Andrew Nikiforuk, Western Canada fossil energy super-scribe, mocks the reaction of the fossil fuelers, corporate and political, to the decision of the Federal Court of Appeal quashing the federal government's approval of the TransMountain pipeline.
The debate about the Federal Court of Appeal decision that killed the approval for the Trans Mountain $7.4-billion pipeline expansion speaks volumes about the oily state of Canadian politics.
The leaders of Canada’s die-hard petro republics, Alberta’s Rachel Notley and Saskatchewan’s Scott Moe, predictably chaffed and frothed.
They complained that they had been let down, billions of dollars are being lost and Parliament must address “this crisis.”
Business types lamented that the courts had dealt another blow to Canada’s mining republic reputation by slowing down another noble megaproject promising jobs and prosperity — for China no less.
The power of oil to construct narratives that bear little or no relation to the truth is a global phenomenon and, in Canada, a new boreal specialty. You can’t find a more entitled political player than a petroleum exporter.
All in all, the media and Canadian politicians reduced the court decision to a dubious concession to pesky First Nations and environmentalists and another damned hurdle for “the national interest” and the pursuit of jobs.
But that’s not the truth or the reality.
...Canada remains another unaccountable petro state when it comes to reducing emissions from fossil fuels. Canada won’t be able to meet any of its climate targets because of rising emissions from the oilsands and, for that matter, from proposed LNG production. When Notley, Alberta’s petulant petro leader, pulled out of the nation’s carbon pricing plan over the court decision, she merely abandoned an already doomed strategy designed by cynics to serve the status quo.
The economist Jeff Rubin recently stated the obvious. “For the publicly climate-change-conscious Trudeau government, which seeks to eradicate widespread international perceptions of Canada as a climate change laggard, the country’s recent emission performance is no better than during the previous Harper government, which was ignominiously awarded a ‘Lifetime Unachievement’ Fossil award at the UN climate change conference in Warsaw in 2013.”
Mark Jaccard has also called a spade a spade. “National studies by independent researchers (including my university-based group) consistently show that Mr. Trudeau’s 2015 Paris promise of a 30-per-cent reduction by 2030 is unachievable with oilsands expansion. His staff know this, so he knows it, too.”
...The real law-breaker in this sorry narrative remains the federal government. Trudeau and company have frequently attacked the B.C. government’s opposition to the pipeline expansion, arguing that “the federal government will not allow any province to infringe on federal jurisdiction over making decisions about resource development in the national interest.” But the Federal Court of Appeal found that it was the federal government that actually broke the law.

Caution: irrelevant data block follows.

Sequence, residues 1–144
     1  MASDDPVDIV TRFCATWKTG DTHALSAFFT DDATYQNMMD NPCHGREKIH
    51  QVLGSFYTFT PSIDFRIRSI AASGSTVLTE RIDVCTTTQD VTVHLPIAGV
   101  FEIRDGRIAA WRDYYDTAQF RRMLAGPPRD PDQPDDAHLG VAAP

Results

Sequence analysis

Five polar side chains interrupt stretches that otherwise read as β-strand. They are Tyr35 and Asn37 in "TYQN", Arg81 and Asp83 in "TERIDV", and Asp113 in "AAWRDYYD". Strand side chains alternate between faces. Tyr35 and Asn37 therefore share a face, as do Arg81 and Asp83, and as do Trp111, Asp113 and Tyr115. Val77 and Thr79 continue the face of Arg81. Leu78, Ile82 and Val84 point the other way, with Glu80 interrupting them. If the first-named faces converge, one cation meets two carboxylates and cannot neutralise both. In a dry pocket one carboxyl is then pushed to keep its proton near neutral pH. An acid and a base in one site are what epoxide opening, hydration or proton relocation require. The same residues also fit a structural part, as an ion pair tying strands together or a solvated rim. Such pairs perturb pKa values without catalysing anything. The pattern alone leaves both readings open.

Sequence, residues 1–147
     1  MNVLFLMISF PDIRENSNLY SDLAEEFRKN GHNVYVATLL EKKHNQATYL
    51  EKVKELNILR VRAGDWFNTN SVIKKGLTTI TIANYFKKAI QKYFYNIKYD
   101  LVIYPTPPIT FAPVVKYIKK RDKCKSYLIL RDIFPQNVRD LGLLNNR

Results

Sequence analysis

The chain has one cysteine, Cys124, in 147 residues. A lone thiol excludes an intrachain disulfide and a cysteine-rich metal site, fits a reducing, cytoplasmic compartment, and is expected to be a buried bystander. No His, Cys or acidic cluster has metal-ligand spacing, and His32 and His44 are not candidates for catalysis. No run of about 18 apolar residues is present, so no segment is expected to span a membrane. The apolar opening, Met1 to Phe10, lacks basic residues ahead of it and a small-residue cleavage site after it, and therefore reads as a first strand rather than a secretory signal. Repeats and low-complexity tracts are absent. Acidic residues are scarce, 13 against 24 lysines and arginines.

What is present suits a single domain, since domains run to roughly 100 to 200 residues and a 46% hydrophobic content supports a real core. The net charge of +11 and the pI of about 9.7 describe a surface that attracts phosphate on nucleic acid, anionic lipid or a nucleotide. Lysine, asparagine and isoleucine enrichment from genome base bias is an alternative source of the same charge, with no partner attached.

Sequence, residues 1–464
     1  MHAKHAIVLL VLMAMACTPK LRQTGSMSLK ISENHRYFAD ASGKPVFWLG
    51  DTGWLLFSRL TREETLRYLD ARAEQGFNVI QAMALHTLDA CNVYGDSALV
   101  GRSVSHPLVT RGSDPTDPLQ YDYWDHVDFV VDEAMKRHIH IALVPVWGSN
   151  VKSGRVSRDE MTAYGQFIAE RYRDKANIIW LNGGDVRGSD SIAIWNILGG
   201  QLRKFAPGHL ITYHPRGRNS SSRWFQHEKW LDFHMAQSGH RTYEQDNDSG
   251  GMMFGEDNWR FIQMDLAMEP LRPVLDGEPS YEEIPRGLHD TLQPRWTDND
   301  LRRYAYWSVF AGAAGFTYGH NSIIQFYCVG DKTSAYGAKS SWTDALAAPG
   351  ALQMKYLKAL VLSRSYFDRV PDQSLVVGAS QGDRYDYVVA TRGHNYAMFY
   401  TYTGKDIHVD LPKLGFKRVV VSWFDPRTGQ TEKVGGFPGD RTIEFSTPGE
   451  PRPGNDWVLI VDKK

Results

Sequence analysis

It didn’t engage with First Nations in a rigorous or honest way and it failed to assess the impact of increased tanker traffic on B.C.’s wildlife and coastal economy. As such the court decision vindicates the 220 people who have been arrested at Kinder Morgan’s Burnaby facility for protesting the pipeline expansion.
Before approving the pipeline, Trudeau had promised to fix the flawed National Energy Board process for reviewing such projects, but he didn’t. He emerges from this drama as a consistent law-breaker and promise-breaker — a weak and feckless leader with no moral code.
...The fictional billions that Notley, Alberta opposition leader Jason Kenney and Moe claim the industry has lost due to the stalled construction of the Trans Mountain pipeline remain the biggest lie now eroding Canadian politics and democracy.
Bitumen will soon be subject to more discounts that have nothing to do with pipelines or global markets. The International Maritime Organization plans to reduce the amount of sulfur in fuel used by ships from 3.5 per cent to 0.5 per cent by 2020. The change has major ramifications for the global refinery business and Canada, one of the world’s largest producers of high sulfur heavy crude. The Canadian Energy Research Institute even predicts that “the price discount on Western Canada Select (WCS) crude... will expand significantly due to the IMO regulation.”
...Partial upgrading of bitumen could solve this problem while improving quality and adding value. Such ventures are expensive, and would also be heavy carbon emitters. But they could free up 30 per cent more pipeline capacity. If Trudeau was interested in a political compromise and a deal good for the national interest, he would kill the Trans Mountain expansion and invest in partial upgrading in Alberta.
In one blow he would remove an egregious pipeline that threatens B.C.’s coastal economy and put Albertans back to work by producing a higher value product for the marketplace. It wouldn’t be good for climate change but petro states don’t give a damn about the future or their children anyway. They live for oil, and only oil.If you've got a slavish loyalty to the Liberal Party or just a raging crush on Justin Trudeau, that's your problem. His handling of this dilbit fiasco and the laughable TransMountain pipeline has stripped the mask off this self-proclaimed environmentalist prime minister. His claim that he can expand Canada's high-carbon petro economy and defend the environment is nothing more than another fraudulent pitch by a 21st century iteration of an alchemist.